A pipeline runs through it: The real concern with Nord Stream 2


Peace, Security & Defence

Picture of Tim Boersma
Tim Boersma

Senior Research Scholar and Director of Global Natural Gas Markets at the Center on Global Energy Policy

US President Trump has repeatedly complained about the Nord Stream 2 pipeline. Is Nord Stream 2 in fact a security threat for Europe and, if so, to what extent? The answer is no, and European policymakers are well advised to remember their primary goals: to complete the internal energy market to prevent market power abuse in all member states and to facilitate trade while pushing to reduce Greenhouse Gas (GHG) emissions.

Energy security is impossible to define in a way that suits all relevant stakeholders, simply because traders, end users of a resource, industries, politicians and regulatory authorities all use different metrics of success. For example, a trader may assess that a market is well supplied, and therefore secure, while a politician looking at that same market can be concerned about the market share of one supplier and, at the same time, an environmental NGO may raise concerns about extending the lifetime of fossil fuels in an era of mounting concerns about GHG emissions.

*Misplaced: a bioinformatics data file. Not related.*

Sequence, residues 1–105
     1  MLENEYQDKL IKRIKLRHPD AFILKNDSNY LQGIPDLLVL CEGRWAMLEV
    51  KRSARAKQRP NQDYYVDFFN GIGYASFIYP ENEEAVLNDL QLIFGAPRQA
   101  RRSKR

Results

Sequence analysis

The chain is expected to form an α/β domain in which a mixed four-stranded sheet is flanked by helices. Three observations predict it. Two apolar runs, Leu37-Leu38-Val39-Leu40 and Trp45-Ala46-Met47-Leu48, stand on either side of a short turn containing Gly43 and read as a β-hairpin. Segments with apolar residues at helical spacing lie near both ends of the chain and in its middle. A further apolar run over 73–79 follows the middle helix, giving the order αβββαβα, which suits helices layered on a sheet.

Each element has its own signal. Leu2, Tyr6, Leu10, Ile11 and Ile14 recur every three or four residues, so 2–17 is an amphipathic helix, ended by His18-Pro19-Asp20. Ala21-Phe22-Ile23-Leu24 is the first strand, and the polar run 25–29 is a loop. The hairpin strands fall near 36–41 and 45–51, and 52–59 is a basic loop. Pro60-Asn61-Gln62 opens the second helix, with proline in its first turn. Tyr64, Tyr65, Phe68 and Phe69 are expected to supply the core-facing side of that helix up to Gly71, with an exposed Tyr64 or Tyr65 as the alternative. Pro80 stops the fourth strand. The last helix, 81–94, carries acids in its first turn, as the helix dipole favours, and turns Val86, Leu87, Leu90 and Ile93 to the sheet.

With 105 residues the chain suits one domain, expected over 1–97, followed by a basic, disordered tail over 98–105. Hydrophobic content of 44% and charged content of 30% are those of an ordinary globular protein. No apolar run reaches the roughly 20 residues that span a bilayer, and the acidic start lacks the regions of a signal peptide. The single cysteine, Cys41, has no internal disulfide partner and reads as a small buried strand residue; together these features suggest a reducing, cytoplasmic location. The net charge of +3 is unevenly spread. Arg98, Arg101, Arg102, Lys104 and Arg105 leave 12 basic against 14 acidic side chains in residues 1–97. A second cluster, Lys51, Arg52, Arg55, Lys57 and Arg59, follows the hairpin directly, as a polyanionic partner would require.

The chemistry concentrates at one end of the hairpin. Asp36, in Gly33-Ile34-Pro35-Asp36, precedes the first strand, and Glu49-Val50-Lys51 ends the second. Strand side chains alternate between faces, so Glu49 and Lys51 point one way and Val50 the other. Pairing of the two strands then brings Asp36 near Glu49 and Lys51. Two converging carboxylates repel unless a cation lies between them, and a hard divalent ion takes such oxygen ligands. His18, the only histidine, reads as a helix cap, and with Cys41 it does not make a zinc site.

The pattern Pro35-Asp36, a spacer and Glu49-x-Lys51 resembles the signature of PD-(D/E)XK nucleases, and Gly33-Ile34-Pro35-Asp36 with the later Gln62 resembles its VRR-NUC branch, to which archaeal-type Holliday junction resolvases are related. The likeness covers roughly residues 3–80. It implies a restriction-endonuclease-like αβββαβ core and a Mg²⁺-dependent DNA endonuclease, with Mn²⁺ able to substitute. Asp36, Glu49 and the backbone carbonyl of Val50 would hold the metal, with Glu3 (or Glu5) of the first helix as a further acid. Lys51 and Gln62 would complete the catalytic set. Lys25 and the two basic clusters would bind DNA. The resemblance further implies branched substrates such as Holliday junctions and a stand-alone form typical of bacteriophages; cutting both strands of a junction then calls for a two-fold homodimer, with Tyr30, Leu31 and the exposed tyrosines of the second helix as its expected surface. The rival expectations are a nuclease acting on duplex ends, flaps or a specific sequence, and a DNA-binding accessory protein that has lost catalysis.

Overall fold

The public debate about Nord Stream 2 has raged on for years, with all relevant arguments having been put on the table and they are unlikely to change much at this point. The quality of the debate has deteriorated, however, as both proponents and opponents have dug in and nuance is mostly lost. For example, it has been argued that the pipeline is a risk to market functioning. However, this underestimates the significant progress that has been made to integrate European natural gas markets by building out infrastructure so that not only diverse sources can more easily be imported, but they can also flow freely across the continent.